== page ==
If you have been in the industry long enough, you’ve likely experienced what we’re about to describe: Vacancy rates at your community spiking. As a result, everyone at your community—and maybe at the corporate office too—is panicked, frustrated, confused, or perhaps a bit of all three.
No one is happy and everyone thinks they know who is responsible (and it isn’t their team). Morale amongst the team goes down, work is stressful, and all the while the community is losing money. It all starts to feel like a fire drill gone horribly wrong—everyone is moving in a million different directions, no one is quite sure where they’re expected to be, and there’s a vague fear over what will happen if you don’t figure this out.
Here’s the question: What would your job be like if you could anticipate upcoming vacancy and control your demand?
What You Already Know About Vacancy
At first, you might think that anticipating problems in this way would require sophisticated technical tools. Of course, good technology can help us do this better, but there are ways of doing this manually as well, which can at least move you closer to predicting and controlling vacancy. How can you do that? Let’s begin by thinking about what parts of apartment management are generally predictable.
Here’s a list:
Many communities tend to have fairly seasonal leasing patterns that you can anticipate.
You are aware of when leases expire.
You know 30 or 60 days in advance when a particular unit is going to be vacated.
So, it turns out you have a general idea of your community’s vacancy patterns. You also know exactly when each unit’s lease expires. And you’ll know with some advanced notice if an expiring lease will be renewed or be terminated.
None of this requires any kind of technical tools at all. A spreadsheet with lease expiration dates for each unit would be helpful, of course, but you could do all of this with a filing cabinet and printed out leases if you wanted to. What’s important, is that you should use the data already available to you in order to plan ahead and anticipate potential problems.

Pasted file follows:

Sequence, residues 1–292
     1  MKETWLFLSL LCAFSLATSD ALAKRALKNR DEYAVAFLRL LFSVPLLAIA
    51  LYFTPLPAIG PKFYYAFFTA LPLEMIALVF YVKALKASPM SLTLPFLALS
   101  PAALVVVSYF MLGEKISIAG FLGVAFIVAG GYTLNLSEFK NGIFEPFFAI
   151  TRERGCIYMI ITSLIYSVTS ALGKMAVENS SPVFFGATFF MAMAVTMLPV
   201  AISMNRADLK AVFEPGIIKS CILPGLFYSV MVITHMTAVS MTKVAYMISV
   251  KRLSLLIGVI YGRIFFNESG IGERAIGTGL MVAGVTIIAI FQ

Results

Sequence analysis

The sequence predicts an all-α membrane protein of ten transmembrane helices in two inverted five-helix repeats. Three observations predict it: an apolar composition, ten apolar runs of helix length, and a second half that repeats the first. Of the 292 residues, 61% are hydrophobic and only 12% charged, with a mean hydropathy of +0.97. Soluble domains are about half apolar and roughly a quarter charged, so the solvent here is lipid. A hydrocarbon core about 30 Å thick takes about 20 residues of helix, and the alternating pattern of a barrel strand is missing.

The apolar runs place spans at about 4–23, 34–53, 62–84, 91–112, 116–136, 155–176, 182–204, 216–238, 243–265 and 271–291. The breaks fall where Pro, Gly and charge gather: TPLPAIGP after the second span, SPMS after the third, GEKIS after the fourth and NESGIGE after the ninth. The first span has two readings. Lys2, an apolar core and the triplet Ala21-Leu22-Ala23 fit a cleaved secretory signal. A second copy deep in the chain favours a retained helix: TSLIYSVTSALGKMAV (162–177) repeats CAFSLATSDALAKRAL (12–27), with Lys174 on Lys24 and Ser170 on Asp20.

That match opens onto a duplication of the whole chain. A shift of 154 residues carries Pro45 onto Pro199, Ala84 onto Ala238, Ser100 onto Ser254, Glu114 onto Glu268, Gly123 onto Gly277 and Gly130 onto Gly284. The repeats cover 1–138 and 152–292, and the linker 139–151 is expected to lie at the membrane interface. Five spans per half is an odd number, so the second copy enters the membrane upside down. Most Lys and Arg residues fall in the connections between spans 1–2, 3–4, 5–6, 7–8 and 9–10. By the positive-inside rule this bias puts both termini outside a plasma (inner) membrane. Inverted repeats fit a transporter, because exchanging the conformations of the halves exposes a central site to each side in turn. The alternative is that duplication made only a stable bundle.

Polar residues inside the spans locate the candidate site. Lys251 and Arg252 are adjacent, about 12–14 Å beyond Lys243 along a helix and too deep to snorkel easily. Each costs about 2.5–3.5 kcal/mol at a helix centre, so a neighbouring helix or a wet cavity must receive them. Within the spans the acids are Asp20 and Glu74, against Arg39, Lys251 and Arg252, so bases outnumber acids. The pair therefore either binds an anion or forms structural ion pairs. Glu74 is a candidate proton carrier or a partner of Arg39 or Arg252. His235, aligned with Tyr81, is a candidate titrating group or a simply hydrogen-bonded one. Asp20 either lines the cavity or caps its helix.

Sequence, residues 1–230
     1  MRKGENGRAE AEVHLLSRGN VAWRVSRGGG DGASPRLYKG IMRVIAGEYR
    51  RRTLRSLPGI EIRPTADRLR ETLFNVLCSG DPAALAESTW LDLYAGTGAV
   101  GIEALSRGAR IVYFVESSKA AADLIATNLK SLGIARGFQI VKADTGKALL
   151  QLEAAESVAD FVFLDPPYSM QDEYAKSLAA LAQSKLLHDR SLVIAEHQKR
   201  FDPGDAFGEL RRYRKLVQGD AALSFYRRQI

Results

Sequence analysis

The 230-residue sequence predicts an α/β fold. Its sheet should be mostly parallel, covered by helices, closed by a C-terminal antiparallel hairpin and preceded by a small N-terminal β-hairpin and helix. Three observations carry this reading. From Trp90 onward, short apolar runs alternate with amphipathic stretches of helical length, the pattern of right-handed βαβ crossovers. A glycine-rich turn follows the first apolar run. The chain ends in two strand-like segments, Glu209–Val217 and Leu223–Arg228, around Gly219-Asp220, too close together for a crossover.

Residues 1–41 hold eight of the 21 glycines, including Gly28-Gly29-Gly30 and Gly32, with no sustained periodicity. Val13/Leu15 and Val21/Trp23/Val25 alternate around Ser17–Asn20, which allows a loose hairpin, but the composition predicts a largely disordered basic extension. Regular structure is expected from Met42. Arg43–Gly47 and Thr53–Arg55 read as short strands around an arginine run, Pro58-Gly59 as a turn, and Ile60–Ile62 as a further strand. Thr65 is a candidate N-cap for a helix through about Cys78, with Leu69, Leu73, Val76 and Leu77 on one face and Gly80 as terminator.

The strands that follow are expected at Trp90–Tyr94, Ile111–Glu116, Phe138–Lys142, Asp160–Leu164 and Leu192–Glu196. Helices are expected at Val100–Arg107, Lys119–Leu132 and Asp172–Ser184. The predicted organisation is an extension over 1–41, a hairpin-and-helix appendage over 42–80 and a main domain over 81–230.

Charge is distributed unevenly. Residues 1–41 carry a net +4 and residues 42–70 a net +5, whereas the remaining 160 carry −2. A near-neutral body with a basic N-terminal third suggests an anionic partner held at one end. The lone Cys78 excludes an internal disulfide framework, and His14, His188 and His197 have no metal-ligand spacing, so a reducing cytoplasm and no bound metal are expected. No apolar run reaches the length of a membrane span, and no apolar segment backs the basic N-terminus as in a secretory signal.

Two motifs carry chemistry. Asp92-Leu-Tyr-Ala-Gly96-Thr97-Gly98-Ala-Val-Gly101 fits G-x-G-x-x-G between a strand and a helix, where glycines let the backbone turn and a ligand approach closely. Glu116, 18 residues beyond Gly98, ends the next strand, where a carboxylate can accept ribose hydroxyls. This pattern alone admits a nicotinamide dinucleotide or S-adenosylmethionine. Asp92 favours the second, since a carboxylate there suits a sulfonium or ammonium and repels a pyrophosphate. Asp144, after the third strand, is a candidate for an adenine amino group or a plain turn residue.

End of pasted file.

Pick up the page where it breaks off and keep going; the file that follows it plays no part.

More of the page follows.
What You Can Do to Proactively Address Vacancy
You probably already have data to show how many leads you typically get in a normal month. This means you can compare the expected leads you generate in a single month to whatever your expected vacancy is set to be, based on the data we described above.
So, before you do anything else you need to see if you are actually going to have a vacancy problem. It is possible that the vacancy numbers you have coming up are actually not as bad as you think, and normal traffic to your community should provide enough leads and leases to offset the losses.
But what do you do if you aren’t going to have enough leads and leases to offset those vacancies?
This is where digital marketing can be a powerful tool for your community. Thanks to Google Ads and Facebook, you can set up ads to run for a very limited time that should increase traffic to your website and generate more leads and leases, until the vacancy problem is resolved.
What is great about both Google Ads and Facebook is that you really are buying ads rather than a listing. When you buy from an ILS, you’re simply buying a place in a directory. You’re probably also getting locked into a long-term contract, such that you find yourself paying for marketing even when things are going well or, perhaps, not paying enough for marketing when they are not going well.
In contrast, Facebook and Google Ads are no-contract, pay-as-you-go digital advertising strategies. When you need a boost in traffic, you can spend extra on these platforms and generate more traffic. And when things are going well, you can drop your advertising spend and save money.
Predictive Management Plus Dynamic Marketing
There are two problems behind the fire drill scenario described at the beginning of this post. The first issue is what we already mentioned: No one saw the crisis coming and now everyone is scrambling to both fix the problem and absolve themselves of all responsibility.
But, there is a second issue as well, which we’ve indirectly mentioned above already: Many multifamily marketing solutions are not dynamic. They are relatively static marketing methods that are not responsive to the unique challenges apartment communities face at any given time. They also aren’t responsive when communities are thriving, which means you could be sitting in your occupancy sweet spot and still be spending big dollars on marketing every month.
You can avoid the vacancy crisis fire drill by simply using the data you already have on hand to predict when vacancy is likely to spike, and then using advertising methods already available to you to drive increased demand when supply is also high. By simply making these two changes you can transform your communities and set them on a path toward stability, which is good news for your owners and your leasing team.